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keywords confusion

 
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There are 49 reserved keywords and 3 reserved literals ( null,true and false ) in 1.4 , that we can't use in our code as an identifier for variable , method or class etc .

My question is , 1.5 also has the same 52 reserved words ? ( although in my opinion , sun can't reserve any new word now for keyword because it might break code of lots of people ( if they have used that name in their project ) , but just wanted to confirm )

I read some online resources mentioned in this site only , they are mentioning more than 52 reserved words , what is truth ?

Thanks a lot .
 
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Java 5 has added enum.

I think that enum is only reserved if you have "-source 1.5" in your javac command.
 
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Originally posted by rathi ji:

My question is , 1.5 also has the same 52 reserved words ? ( although in my opinion , sun can't reserve any new word now for keyword because it might break code of lots of people ( if they have used that name in their project ) , but just wanted to confirm )



Why can't sun add new keyword, they added assert keyword when 1.4 was released.
 
Mike Gershman
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Notice that assert was an optional reserved word in Java 1.4 and is a default reserved word in Java 1.5. I expect that enum will be a default reserved word in Java 1.6.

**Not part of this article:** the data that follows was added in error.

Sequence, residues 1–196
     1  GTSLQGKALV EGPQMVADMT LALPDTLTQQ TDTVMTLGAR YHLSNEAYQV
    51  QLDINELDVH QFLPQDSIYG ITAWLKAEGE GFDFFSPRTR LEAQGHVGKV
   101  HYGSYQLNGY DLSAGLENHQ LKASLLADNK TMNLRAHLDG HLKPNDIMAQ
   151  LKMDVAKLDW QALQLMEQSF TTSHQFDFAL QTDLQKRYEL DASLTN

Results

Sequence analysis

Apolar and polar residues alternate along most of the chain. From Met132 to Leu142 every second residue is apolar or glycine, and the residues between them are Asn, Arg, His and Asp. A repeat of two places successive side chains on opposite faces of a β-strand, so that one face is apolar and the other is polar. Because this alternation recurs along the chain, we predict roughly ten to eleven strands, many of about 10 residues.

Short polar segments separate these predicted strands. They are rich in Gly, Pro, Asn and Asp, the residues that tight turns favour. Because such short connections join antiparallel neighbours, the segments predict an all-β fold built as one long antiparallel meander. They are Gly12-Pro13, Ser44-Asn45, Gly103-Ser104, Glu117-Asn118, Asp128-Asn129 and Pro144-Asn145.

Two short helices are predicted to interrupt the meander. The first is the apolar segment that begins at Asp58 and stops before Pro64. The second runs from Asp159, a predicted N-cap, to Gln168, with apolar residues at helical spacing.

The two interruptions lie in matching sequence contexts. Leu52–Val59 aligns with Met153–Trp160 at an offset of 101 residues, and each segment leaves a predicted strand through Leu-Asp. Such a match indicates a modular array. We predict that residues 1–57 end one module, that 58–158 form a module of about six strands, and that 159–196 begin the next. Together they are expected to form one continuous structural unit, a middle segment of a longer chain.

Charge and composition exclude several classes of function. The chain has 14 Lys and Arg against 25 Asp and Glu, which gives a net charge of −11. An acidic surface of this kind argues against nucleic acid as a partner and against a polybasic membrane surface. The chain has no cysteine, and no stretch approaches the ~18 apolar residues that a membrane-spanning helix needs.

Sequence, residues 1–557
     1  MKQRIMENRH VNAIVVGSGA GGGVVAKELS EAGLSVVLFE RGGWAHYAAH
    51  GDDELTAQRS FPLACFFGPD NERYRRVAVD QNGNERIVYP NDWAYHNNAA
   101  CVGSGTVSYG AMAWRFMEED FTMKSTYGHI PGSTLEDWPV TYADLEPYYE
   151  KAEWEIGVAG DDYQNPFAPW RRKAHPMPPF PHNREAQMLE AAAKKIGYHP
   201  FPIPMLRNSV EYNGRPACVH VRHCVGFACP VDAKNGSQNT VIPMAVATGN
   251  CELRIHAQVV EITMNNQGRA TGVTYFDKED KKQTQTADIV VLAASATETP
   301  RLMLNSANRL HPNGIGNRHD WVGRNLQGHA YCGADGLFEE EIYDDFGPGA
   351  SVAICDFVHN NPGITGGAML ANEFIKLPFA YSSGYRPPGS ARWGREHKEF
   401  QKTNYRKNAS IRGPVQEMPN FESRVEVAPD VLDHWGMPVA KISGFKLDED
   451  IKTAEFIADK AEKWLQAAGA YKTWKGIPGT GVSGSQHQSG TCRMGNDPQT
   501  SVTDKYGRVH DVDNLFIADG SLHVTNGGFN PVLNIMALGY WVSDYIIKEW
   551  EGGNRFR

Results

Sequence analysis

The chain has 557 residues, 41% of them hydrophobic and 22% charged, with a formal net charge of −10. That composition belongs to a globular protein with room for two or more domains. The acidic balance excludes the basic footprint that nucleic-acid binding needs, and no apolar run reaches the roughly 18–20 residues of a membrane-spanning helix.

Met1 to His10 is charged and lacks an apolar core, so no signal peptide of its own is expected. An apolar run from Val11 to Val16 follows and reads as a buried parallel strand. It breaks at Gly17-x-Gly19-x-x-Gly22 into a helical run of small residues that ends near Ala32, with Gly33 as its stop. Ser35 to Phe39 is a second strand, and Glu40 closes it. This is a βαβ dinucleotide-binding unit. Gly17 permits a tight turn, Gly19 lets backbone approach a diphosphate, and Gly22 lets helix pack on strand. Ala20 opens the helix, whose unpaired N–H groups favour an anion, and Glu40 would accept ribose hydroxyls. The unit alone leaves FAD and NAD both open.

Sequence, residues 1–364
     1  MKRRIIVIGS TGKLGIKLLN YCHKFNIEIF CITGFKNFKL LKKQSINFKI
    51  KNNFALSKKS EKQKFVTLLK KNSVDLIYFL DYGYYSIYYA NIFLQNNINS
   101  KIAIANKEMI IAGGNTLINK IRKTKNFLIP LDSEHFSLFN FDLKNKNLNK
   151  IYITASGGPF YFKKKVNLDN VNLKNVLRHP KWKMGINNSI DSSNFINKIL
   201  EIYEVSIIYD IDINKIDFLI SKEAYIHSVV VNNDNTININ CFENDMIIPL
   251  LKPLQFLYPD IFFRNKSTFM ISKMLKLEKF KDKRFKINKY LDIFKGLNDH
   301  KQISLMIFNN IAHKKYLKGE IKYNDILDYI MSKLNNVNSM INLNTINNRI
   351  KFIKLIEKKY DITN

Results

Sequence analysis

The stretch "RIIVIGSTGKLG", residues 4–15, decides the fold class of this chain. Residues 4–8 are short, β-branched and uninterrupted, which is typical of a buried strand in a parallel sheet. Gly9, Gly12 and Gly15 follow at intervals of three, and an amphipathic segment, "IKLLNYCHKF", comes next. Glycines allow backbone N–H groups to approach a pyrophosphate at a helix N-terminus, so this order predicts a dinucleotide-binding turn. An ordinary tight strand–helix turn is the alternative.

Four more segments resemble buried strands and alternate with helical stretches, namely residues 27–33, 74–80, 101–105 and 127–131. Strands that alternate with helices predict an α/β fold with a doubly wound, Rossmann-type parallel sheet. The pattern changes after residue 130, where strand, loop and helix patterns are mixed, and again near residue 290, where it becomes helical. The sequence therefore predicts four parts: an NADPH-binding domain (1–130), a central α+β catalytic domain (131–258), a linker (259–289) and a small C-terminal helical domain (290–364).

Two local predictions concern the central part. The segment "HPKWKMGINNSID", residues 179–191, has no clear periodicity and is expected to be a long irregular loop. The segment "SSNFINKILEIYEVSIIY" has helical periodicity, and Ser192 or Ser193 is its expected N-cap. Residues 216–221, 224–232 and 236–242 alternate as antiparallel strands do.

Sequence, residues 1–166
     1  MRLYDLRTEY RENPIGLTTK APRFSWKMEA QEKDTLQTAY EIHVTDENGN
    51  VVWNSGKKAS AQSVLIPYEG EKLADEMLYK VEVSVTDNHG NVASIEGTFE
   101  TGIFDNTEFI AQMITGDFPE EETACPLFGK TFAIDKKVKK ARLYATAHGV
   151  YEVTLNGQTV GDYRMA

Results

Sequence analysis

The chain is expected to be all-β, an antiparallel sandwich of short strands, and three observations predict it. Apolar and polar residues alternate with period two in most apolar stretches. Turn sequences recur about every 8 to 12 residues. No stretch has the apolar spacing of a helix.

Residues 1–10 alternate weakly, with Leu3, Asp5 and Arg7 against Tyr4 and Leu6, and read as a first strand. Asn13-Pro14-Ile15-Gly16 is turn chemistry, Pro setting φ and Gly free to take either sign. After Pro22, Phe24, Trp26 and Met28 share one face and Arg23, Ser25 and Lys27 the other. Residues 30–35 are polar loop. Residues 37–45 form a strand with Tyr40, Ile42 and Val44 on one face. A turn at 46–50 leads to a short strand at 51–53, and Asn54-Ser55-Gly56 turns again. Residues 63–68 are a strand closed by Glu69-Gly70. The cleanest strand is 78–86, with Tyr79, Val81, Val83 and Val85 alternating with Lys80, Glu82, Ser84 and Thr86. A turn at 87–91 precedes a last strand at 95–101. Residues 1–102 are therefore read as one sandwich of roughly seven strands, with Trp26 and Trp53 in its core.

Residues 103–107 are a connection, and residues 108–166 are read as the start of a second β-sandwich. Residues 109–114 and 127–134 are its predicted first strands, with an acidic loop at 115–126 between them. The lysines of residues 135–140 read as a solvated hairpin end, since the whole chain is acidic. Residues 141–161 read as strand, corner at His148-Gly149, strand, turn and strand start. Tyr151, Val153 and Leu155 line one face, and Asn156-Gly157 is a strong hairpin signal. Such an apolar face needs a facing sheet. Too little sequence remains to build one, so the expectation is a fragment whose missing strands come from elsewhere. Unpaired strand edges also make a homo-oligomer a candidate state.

ankur rathi
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So Mike , If suppose any company moves their project to 1.5 ( they have made in 1.3 ) and they have used assert as their costom identifier , then does they have to change their code ?? ( although possibilities are very low )

enum is the only keyword added by 1.5 ?

please comment anybody ..

thanks a lot .
 
Mike Gershman
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javac 1.5 supports "-source 1.3" and "-source 1.4" as well as "-source 1.5". That protects legacy code.

BTW, the default is "-source 1.5", so beware if you may have used enum as an identifier in your code.

enum is the only new reserved word in Java 1.5.
 
ankur rathi
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Thank you very much Mike .
 
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Why can't sun add new keyword, they added assert keyword when 1.4 was released.

They can add keywords, but they try very hard not to, because it can break code for people who used the new keyword as an identifier. Indeed, I remember seeing code like this:

Such code now breaks. Of course, most people who used Enumerations have moved on to iterators by now, but still...

I imagine Sun wanted to avoid this situation, but they couldn't find a better solution to support enumerated types without creating a new keyword. So they bit the bullet, and created the keyword.

In contrast, the enhanced for loop might have looked nicer if they'd chosen a syntax like this:

or

However these would have required new keywords to be created. (And I personally use "in" as an identifier for an InputStream quite frequently.) Instead, Sun was able to find an alternative syntax:

This isn't quite as easy to understand the first time you see it - but it doesn't require any new keywords. So we see that Sun is willing to create new keywords on rare occasions, but they usually choose not to, if they can avoid it.
 
ankur rathi
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Thanks Jim .
 
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